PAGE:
Rep. Seth Moulton, D-Mass.
Moulton, a Marine veteran who served in Iraq, is known as an outspoken critic of his own party. He was elected to the House in 2013.
During the 2018 midterms, Moulton raised more than $4 million through his Serve America PAC to support Democratic candidates running in battleground states. Before announcing his candidacy, he had already laid groundwork for his 2020 campaign, already visiting Iowa, South Carolina, New Hampshire and Nevada.
On Aug. 23, 2019, Moulton dropped out of the race. He told The New York Times, "I think it's evident that this is now a three-way race between Biden, Warren and Sanders, and really it's a debate about how far the left wing party should go." He will seek re-election in the House to represent the 6th district of Massachusetts, according to The Times.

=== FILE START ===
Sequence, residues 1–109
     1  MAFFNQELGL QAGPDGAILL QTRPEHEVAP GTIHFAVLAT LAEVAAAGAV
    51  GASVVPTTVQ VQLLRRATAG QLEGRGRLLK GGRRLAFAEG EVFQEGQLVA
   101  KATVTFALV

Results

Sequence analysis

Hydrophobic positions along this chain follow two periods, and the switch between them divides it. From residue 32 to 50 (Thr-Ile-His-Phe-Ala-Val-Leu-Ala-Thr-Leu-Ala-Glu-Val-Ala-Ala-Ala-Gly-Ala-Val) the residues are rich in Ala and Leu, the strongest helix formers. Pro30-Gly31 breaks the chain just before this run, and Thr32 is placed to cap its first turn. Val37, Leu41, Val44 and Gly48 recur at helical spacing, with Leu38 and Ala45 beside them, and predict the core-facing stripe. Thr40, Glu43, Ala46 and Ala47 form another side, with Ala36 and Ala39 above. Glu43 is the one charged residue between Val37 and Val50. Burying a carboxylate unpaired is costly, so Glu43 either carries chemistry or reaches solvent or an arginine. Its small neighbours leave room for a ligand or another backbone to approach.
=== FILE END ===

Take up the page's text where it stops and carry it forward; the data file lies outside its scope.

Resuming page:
Former Rep. Beto O'Rourke, D-Texas
O'Rourke, who rose to national prominence during his unsuccessful run against Texas Sen. Ted Cruz in 2018, officially announced his presidential campaign in mid-March, calling it "a defining moment of truth for this country and for every single one of us."
The former Texas congressman immediately embarked on his first-ever trip to Iowa and also visited Wisconsin during his first weekend on the trail.
Within days, O'Rourke's campaign announced it raised over $6.1 million in the first 24 hours following his announcement, topping Sen. Bernie Sanders' previous high-water mark of $5.9 million.
Rep. Tim Ryan, D-Ohio
The Ohio Democrat, who announced his candidacy on ABC's "The View" on April 4, bills himself as a someone who can unify the progressive wings of the Democratic Party with the more middle-of-the-road working-class voters.